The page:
Feature: Save Our Culture

Over the past decade, we have witnessed Britain’s subcultures and creative spaces suffer against redevelopment and gentrification. Clubs have been an easy target for these convenient closures, being dubbed as a dangerous, hedonistic, drug-fuelled waste of public space. Rather than helping clubs deal with drug use or to build a relationship with its community, closing them is becoming an all too familiar ‘solution’ for local councils and town planners. Since recently being threatened by property developers looking to build flats in the Baltic Triangle, 24 Kitchen Street said it best: “we want music venues and creative spaces to be embraced within the city’s long-term vision, not briefly tolerated, then swept aside…”

The closing of London Fabric’s doors felt like the final blow to Britain’s club culture, and its reopening doesn’t provide much hope of a brighter future. Fabric’s management was given a 155-page document stating the rules and regulations the club must abide by to remain open. This included raising the minimum age for entry to 19, a more thorough CCTV monitoring, ID scanners and lifetime bans for anyone caught asking for drugs. When compared with Europe’s more forward thinking attitude towards clubbing, lumping these new conditions onto Fabric feels like a useless attempt to do the impossible: prevent drug use in clubs once and for all.

Ironically, on the same day Fabric announced its closure, German court ruled that Berlin’s famous nightclub, Berghain, should be considered culturally the same as theatres, concert venues and museums. By boosting its status, the club is now taxed at a lower rate than regular ‘entertainment events’. To provide a safer environment for clubbers, the Netherlands has encouraged harm-reduction approaches by using monitoring systems for safe and legal drug testing. Not only has this prevented tragic deaths, but allowed authorities to be notified about new and dangerous substances. Although free charity-run drug testing in clubs has been supported by Lancashire and Manchester police, who have said they will not prosecute anyone who makes use of the service, it appears Britain still has a long way to go. Our nightlife, which holds global significance and has helped form the careers of an endless list of musicians, isn’t being considered with the same cultural significance and identity.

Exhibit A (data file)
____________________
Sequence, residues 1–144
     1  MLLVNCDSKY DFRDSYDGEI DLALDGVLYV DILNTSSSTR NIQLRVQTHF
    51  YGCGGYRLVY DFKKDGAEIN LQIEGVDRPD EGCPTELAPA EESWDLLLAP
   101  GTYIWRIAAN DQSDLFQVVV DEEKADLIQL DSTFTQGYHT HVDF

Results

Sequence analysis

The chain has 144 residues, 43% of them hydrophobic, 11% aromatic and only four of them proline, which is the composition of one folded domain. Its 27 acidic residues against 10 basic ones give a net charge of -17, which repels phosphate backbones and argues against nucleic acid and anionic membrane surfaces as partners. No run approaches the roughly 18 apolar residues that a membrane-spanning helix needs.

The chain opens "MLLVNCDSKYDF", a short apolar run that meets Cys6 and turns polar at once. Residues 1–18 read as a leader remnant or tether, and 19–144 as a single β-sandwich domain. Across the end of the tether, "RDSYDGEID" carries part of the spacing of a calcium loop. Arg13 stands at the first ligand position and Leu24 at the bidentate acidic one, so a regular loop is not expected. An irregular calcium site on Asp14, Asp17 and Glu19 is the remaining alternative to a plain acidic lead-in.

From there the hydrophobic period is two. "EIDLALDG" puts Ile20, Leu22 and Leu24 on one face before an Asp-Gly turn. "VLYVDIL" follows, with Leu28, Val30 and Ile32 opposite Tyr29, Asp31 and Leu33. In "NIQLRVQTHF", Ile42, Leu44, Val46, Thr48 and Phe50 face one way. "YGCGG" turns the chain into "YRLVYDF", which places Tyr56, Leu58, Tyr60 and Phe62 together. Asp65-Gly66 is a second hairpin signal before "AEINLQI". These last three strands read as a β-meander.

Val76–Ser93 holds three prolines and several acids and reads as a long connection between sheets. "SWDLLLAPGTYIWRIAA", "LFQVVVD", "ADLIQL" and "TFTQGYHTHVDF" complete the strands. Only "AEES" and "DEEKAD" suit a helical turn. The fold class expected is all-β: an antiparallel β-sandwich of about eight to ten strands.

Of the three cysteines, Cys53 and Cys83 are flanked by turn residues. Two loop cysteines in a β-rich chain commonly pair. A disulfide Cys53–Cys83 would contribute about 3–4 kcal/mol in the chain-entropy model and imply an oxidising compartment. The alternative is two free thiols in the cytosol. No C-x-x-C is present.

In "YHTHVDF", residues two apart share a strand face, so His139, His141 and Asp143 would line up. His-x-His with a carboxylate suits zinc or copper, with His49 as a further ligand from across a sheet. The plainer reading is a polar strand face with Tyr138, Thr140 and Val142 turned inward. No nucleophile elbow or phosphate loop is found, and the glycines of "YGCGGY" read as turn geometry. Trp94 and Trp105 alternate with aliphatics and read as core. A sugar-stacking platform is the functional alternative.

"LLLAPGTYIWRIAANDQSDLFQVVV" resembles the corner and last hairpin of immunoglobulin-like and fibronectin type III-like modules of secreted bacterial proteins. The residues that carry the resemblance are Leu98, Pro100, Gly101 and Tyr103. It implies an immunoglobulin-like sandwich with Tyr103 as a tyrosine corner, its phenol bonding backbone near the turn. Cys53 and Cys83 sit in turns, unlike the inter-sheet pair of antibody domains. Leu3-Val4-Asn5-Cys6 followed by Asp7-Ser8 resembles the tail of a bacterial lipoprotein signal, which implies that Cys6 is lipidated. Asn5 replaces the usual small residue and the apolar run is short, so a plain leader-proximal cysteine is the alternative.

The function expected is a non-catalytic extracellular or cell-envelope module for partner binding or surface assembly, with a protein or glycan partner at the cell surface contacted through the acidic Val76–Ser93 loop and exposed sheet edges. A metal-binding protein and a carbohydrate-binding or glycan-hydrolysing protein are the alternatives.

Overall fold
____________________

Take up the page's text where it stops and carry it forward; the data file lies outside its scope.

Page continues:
This gradual regression of creative spaces has revealed their vital importance to both the public and artists who are rightfully fighting back. Fabric launched the campaign ‘Save Our Culture’ to raise money for their legal battle. The campaign was accompanied by electronic and house music events, including two daytime events at Camp and Furnace hosted by Circus. Circus has been providing Liverpool with internationally celebrated electronic artists for over a decade. Starting off as a simple ‘house party’, Circus evolved into an integral part of Liverpool’s club culture. Its founder, Yousef, stated that the public’s eagerness to help Fabric revealed “an underestimation of how important this culture is and how dance music has permeated many areas of modern life.”

A disregard for and prejudice against club culture is something we have seen before. Just as the Northern Soul phenomenon of the late 60s and rave culture of the late 80s created controversy, their cultural significance is now recognised. Today’s club scene has its roots in these and numerous other cultural phenomena. It is a culture that is already cemented into our history and identity. Long may that be the case.

After it was announced on Monday 21st November that Fabric would reopen, 27th November and 27th December became two days of celebration at Camp and Furnace. Here’s my experience of the two nights…

Camp and Furnace is no stranger to clubbers, and vice versa. The atmosphere of the large warehouse is oddly homely, as the queue enters and people spill into the places where they know to find what they came for; I follow the thumping bass into the Furnace and am welcomed by Paco Osuna. An eager crowd gathers under the twisting vines and the hanging thunderclouds of The Night Garden. Paco delivers a deep, rumbling set that promises a good night ahead. His sophisticated sound scrambles intelligent techno beats with an underlay of repetitive house rhythms. Steve Lawler takes over and continues to fuel us with a heavy set. Living up to his nickname ‘King of Space’ in Ibiza, his set delivers an abundance of anthemic rhythms and intense drops that send his crowd off into a gratified groove.